Newspaper Page Text
FELL FROM A TYBEE TRAIN.
ROBERT J. EBBS’ St'DDE\ DEATH
YESTEHDAY A FTEII\OON.
Fell From the Train While on Ills
Way to Tybee hate Yesterday and
Died Shortly After From Hi In
juries—KCbbn Well hnoun in the
C ity and Was Formerly Associated
With the Savannah Theater—Had
Heeentl.v Ileen Foreman of a r.nng
at Fort Screven-His llody Brought
to the C ity and Turned Over to
Robert J. Ebbs fell from the 5:25 o’clock
Tybee train yesterday afternoon and re
ceived injuria that resulted in death fif
teen minutes later.
The accident occurred in the neighbor
hood of the three-mile post, and while the
train was running at its usual speed.
Ebbs, with the news ngent, Brandt Gold
smith, and the baggage master, B. M.
Edwards, were in the baggage car. Ac
cording to the story of both Kdwards and
Goldsmith, Edwards was in the rear of
the car assorting the baggage, while
Goldsmith was standing at the right door
of the car looking out and with his back
to Ebbs, who was sitting in the baggage
master’s chair near the left door.
Edwards heard a movement of the chair,
and looking from his work, saw that it
was empty nnd tipped forward, leaning
against a bag of ice. He called to Gold
smith, who was still looking from the
window, saying: “Where is the man that
was in here?” Goldsmith looked around.
Ibut not seeing him in the chair, opened
the front door, thinking that he had gone
The search for the missing man took
but a few minutes, und then the baggage
master pulled the hell rope, and explain
ing to the conductor his fears as to the
fate of the missing man, the train was
run back until, within about half a mile
from where it had stopped, the bleeding
tmd unconscious man was found lying in
the marsh about eight feet from the
He was placed in the baggage car and
Dr. J. G. Jarrell and Dr. J. S. Howkina
who were aboard summoned. They could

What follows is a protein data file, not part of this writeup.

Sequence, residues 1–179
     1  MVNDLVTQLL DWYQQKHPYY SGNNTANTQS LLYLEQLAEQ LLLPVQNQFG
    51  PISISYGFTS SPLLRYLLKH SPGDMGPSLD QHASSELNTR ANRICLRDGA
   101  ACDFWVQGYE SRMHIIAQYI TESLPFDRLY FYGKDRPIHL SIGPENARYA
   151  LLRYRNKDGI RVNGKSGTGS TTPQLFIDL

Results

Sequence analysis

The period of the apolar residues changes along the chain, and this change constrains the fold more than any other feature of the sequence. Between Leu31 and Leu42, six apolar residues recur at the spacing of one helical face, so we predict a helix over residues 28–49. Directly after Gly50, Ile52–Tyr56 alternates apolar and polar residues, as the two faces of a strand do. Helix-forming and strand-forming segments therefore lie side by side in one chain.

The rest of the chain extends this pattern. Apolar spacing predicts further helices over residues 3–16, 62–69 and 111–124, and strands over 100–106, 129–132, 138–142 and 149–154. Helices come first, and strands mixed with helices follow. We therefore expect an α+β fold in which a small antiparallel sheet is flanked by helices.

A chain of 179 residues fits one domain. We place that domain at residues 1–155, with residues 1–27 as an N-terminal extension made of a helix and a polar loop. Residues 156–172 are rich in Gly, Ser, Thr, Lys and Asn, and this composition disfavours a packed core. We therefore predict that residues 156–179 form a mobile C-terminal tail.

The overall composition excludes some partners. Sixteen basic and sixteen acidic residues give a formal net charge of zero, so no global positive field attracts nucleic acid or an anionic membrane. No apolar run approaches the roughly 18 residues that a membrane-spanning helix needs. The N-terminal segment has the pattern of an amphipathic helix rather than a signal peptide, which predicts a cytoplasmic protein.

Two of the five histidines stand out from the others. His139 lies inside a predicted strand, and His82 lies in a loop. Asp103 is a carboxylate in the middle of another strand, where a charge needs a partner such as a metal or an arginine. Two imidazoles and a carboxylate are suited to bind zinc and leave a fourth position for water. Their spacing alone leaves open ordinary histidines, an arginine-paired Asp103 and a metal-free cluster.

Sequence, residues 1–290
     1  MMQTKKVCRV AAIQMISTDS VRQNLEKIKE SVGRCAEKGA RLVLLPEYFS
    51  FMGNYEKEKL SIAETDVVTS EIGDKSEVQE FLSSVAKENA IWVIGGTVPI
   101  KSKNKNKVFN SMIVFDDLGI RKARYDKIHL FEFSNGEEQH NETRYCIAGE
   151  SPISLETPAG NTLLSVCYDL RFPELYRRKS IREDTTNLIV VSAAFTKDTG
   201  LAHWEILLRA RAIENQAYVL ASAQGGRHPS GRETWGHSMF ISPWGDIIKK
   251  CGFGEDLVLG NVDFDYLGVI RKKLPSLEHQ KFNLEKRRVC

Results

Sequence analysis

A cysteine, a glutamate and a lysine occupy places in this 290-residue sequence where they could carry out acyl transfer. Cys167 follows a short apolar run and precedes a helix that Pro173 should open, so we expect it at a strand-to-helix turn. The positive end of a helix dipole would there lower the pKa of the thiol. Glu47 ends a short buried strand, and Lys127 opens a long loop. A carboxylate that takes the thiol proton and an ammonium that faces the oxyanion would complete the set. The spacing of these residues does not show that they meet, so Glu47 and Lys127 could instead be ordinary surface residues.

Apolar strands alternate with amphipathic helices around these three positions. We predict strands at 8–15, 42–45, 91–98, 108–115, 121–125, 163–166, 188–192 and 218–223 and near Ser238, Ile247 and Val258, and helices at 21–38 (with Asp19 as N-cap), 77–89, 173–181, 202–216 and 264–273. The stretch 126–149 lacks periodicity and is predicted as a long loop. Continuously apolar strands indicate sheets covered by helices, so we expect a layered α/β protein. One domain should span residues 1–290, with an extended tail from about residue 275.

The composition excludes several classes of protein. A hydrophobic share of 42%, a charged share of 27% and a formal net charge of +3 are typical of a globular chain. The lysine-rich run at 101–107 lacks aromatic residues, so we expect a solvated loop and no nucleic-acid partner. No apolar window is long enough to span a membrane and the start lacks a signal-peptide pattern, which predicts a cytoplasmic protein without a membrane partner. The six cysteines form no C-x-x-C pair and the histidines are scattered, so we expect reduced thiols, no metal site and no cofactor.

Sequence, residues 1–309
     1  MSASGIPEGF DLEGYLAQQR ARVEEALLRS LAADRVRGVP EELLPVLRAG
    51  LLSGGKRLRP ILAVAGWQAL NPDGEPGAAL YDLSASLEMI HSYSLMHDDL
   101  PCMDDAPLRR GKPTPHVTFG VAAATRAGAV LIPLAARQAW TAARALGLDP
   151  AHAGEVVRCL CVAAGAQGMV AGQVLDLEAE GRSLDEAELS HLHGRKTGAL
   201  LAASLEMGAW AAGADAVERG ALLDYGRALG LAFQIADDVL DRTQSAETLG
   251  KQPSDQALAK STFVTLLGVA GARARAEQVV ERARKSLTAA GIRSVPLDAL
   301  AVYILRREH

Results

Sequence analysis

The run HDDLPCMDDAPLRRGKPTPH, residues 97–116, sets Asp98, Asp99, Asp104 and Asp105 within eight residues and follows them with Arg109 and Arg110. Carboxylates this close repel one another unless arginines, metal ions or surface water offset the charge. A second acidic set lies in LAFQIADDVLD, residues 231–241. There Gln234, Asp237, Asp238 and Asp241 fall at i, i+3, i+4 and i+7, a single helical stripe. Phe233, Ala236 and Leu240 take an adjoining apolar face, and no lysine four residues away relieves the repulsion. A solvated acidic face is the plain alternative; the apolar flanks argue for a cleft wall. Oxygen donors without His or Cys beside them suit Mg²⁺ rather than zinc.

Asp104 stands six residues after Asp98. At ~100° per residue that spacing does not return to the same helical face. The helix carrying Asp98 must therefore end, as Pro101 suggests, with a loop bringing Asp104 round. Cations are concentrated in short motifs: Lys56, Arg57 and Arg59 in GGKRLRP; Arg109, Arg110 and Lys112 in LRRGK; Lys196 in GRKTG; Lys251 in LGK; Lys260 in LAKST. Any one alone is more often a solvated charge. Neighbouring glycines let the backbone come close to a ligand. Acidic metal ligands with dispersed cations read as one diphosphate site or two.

be of no service as the mans head had
be n so badiy crushed through contact
with a crosstie that th re was absolutely
no chance to save his life. Ho died fifteen
minut s after b ing picked up, before the
train had r-ached Lazaretto creek.
As so n as the trn n reached the island
Information of the accident was to
the city. Coroner Goette was notified and
took the n*:xt train down, bringing the
body up to the city <n the train that left
Tyboe at 7:4h o’clock.
Mr. Ebbs was about 32 years old. and a
native of this city, where he was well
known and had mnny friends. At one
time he was connected with the Theater
In the capacity of ticket seller, but has
recently been the foreman of a gang of
laborers at work on the government res
ervation at Fort Screven. To he near his
work, he was living on the island at Es
tfcll’s, where he boarded with Mr. Johnson
There is reason to believe that Ebbs
was under the influence of liquor w’hen
he met his death, as both the news agent
and the baggagemasier were quite posi
tive t hat he had been drinking when he
came into the car. In fact, it was only
two days before the accident that Mr. C.
W. Saussy. superintendent of the Tybee
road, had refused to let him get on the
train, unless accompanied by a friend, as
he was too drunk to be able to take care
of himself. So far as Is known. Mr.
Ebbs had no immediate relatives in this
His brother. Wm. Ebbs, his last remain
ing relative, died in a somewhat similar
manner and in almost the exact place
about three years ago.
Coroner Goette said last night that he ‘
did not think an inquest would be neces- j
sary. The remains are at the establish- \
ment of Coroner Goette. The funeral ar
rangements will be made to-day.
INTERESTED IN THE FIGHT.
Fitzsimmons’ Victory Created No
The sports were considerably Interested j
In the prize fight pulled off last night be- i
tween Gus Ruhlln and Bob Fitzsimmons,
but it created nothing like the same in
terest as that displayed when Fitzsimmons
met Corbett or when Corbett and Sharkey
had their bout. The fight was reported
in detail by wire at the music halls, and
fair audiences listened attentively.
Betting in New' York was on Fitzsim
mons as a favorite, so it was not partic
ularly surprising when he won. His vic
tory came a little earlier than was ex
pected, though, being in the sixth round.
Most of those in Savannah who watch the
big fights and follow the movements and
statements of the prominent lights in the
pugilistic world were with Fitz, so they
were pretty well prepared for the result.
Betting was pretty slow. Some money
was posted, but in nothing like the
amounts that indicate the interest in the
"really big events that are nulled off. One
man lost S3O on Ruhlln, which was the big
gest losing recorded. He had It about
even In several bets.
WORKING ON THE FISSURE.
Work on the Cracked Conduit In
.Still in !*rotfi*ca.
Work has not yet been completed on the
conduit at the w'ater works. The break
is still being exposed, workmen uncovering
it toward one end W'hlle others close it up
with cement and brick at the other. The